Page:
Dr Ian Spry QC is a former Chairman of the Association for the Apostolic Ministry of the Anglican Church. He is presently the Editor of 'National Observer', a journal of current affairs.
All of the features that are seen in the decline of the Anglican Church of Australia appear to a pre-eminent degree in the newly-elected Primate, Archbishop Peter Carnley of Perth.
The Anglican Church has in one sense been an historic anomaly, the product of differences between an English king and a Pope. Its survival has been contingent, and has been dependant on an adherence to the orthodox doctrines that it took over in its formation.
Regrettably, however, its structure - involving governance by synods which have often adopted unsound doctrine and almost invariably selected inferior bishops and archbishops - has led to its recent penetration by liberals whose vision is less religious than secular. So the ordination of women priests has occurred, largely in view of a lack of strength on the part of some bishops, who were cowed by feminists, and in view of disruptive activities by other bishops (of whom Spong, in the United States, is a notable example).
The membership - and indeed the credibility - of the Anglican Church has been diminishing rapidly. Most of its churches are almost empty, with the exception of the evangelical Sydney Diocese; its finances are generally disastrous, again with the exception of the Sydney Diocese, and in Melbourne valuable inner-city churches are being sold off to finance wasteful episcopal establishments.
In this context, the election as Primate of the extreme liberal, Peter Carnley, represents an almost suicidal gesture by an already moribund body. The Archbishop has continually supported extreme liberal and politically-correct causes. He was, for example, in the forefront of the radical elements that favoured the ordination of women, contrary to orthodox Anglican doctrine, and went so far as to ordain women in Perth without the approval of the General Synod.
Archbishop Carnley's election as Primate could hardly have been more controversial. Prior to his installation he was criticised by Archbishop Goodhew of Sydney on the basis that his "progressive" views on the Resurrection were "unhelpful and misleading." Many members of the Church considered those views contrary to the most essential Christian doctrines and had doubts whether Carnley really believes in the Resurrection.
It was doubtless inevitable that Carnley would move on the subject of homosexuality and that he would follow the lead of American Anglicans (the Episcopal Church) in advancing their interests.
In The Bulletin of 22 May 2001, he wrote in favour of homosexual relationships based on committed "friendship", and in many cases equated such relationships with marriage. He even went so far as to say of such homosexual relationships, "While some physical contact may be seen as innocuous, it may be felt that to specify limits of touch [i.e., sexual acts] would be as inappropriate for the relationship between couples of the same gender as within the heterosexual marriage."
The Archbishop claimed that there is nothing in the Bible or in the biblical tradition "explicitly directed towards homosexual persons in long-term committed relationships". (It may be seen that this is so only in so far as all homosexuality was disapproved biblically, without any need to distinguish between one form and another).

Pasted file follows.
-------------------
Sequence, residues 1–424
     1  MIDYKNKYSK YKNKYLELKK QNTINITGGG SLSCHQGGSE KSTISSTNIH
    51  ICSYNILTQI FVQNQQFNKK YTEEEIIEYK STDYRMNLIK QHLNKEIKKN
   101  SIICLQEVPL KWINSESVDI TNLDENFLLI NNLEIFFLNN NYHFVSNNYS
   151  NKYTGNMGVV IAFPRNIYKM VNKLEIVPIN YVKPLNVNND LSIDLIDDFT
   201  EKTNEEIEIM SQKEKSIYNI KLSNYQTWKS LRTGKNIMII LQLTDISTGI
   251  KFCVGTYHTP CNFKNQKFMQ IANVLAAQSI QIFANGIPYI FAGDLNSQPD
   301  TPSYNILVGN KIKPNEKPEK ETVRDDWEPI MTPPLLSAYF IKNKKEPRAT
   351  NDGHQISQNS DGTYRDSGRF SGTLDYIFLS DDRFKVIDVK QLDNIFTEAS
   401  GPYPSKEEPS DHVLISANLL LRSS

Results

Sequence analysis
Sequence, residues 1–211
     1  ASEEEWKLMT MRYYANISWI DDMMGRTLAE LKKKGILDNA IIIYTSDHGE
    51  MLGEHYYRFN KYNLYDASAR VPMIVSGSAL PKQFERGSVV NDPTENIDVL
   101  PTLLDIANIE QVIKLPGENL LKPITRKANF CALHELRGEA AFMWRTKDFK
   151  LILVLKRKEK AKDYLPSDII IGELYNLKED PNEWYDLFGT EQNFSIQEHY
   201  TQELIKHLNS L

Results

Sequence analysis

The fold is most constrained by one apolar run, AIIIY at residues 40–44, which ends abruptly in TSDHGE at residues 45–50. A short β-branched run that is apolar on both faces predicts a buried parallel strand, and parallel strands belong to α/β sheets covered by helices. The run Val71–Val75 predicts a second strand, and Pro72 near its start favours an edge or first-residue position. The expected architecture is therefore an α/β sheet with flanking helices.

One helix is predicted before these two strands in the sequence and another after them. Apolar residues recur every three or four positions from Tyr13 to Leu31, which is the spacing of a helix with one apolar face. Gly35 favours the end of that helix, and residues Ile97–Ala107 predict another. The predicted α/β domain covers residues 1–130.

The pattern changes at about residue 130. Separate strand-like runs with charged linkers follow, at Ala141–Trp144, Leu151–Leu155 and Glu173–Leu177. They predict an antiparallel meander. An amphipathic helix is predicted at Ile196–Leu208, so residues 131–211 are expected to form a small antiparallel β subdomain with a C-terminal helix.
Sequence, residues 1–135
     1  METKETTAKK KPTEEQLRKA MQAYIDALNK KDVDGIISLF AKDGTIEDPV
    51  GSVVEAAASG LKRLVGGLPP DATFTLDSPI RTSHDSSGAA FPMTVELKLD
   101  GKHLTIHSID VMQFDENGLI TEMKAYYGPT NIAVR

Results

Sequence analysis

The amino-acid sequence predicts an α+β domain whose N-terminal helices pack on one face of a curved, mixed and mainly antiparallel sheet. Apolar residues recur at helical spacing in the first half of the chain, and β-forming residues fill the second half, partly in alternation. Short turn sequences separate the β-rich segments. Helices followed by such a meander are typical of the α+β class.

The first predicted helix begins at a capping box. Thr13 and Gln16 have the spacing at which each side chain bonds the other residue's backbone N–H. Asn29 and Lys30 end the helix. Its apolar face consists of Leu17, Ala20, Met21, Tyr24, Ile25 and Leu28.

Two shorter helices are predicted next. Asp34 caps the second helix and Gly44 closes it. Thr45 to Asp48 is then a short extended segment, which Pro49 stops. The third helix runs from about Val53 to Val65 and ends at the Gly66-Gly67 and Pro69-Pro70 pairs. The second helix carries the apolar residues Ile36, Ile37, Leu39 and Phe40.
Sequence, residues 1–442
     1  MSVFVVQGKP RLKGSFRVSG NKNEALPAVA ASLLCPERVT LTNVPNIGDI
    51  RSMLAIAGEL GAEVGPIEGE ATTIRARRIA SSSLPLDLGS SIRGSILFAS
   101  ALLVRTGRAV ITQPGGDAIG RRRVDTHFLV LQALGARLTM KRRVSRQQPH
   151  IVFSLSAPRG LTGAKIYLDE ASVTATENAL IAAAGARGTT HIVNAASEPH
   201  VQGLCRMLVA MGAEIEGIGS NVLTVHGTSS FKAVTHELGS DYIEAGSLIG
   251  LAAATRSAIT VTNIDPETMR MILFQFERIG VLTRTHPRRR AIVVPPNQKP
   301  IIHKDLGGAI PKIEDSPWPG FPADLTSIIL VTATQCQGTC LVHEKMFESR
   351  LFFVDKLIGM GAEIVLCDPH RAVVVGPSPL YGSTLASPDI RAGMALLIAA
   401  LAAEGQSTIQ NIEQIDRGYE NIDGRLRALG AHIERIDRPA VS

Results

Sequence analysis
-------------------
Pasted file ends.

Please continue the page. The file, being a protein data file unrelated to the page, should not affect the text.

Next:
Carnley was also reported as having said less cautiously in favour of recreational homosexual sex, "Some physical expression of ... friendship could be countenanced within same-gender relationships as a degree of recreational sexual activity". He suggested that the Church should moreover "bless" same-sex relationships if publicly expressed through a covenant or a formal life-long commitment.
These remarkable statements have been the cause of further dismay. South Sydney Bishop Robert Forsyth restated orthodoxy, saying that "any suggestion that the Anglican Church should bless a sexual relationship that is not fully marriage of a man and a woman is not possible if we are to remain faithful to Lord Jesus Christ and the Scriptures"; and Canon Peter Jensen, the Principal of Moore Theological College, said that if Carnley "is suggesting this [blessing a committed homosexual union] is a good thing for us to do, he has gone beyond the border ... and left the biblical witness."
With Anglican church attendances falling drastically since the feminist-inspired ordinations of women priests, and a general lack of moral direction in that Church (except in the Sydney Diocese), white-anting from liberals within has produced a very serious threat to its viability. In this context Carnley's support of aberrational committed "faithful" relationships is further evidence of a moral decline and a preparedness to ignore biblical tradition.
The Archbishop's comments leave him very close to saying "anything goes", and that if a person maintains that he is "committed" or "faithful" the Church will "bless" any relationship. Of course, the subversion by Carnley of traditional Church moral teachings in this case can, if successful, be followed by further subversions of other teachings as they appear convenient from time to time. What is in fact relativism and a lack of moral belief may be concealed by tendentious "interpretations" of biblical authority that are intended merely as a pretext for permissive or immoral behaviour.
The unfortunate appointment of Carnley as Primate could not have come at a worse time for the Anglican Church. There is already a general suspicion that, save in the Sydney Diocese and some few outposts, the Anglican Church now stands for nothing and has no moral authority: merely a gathering for mutually-supporting social purposes.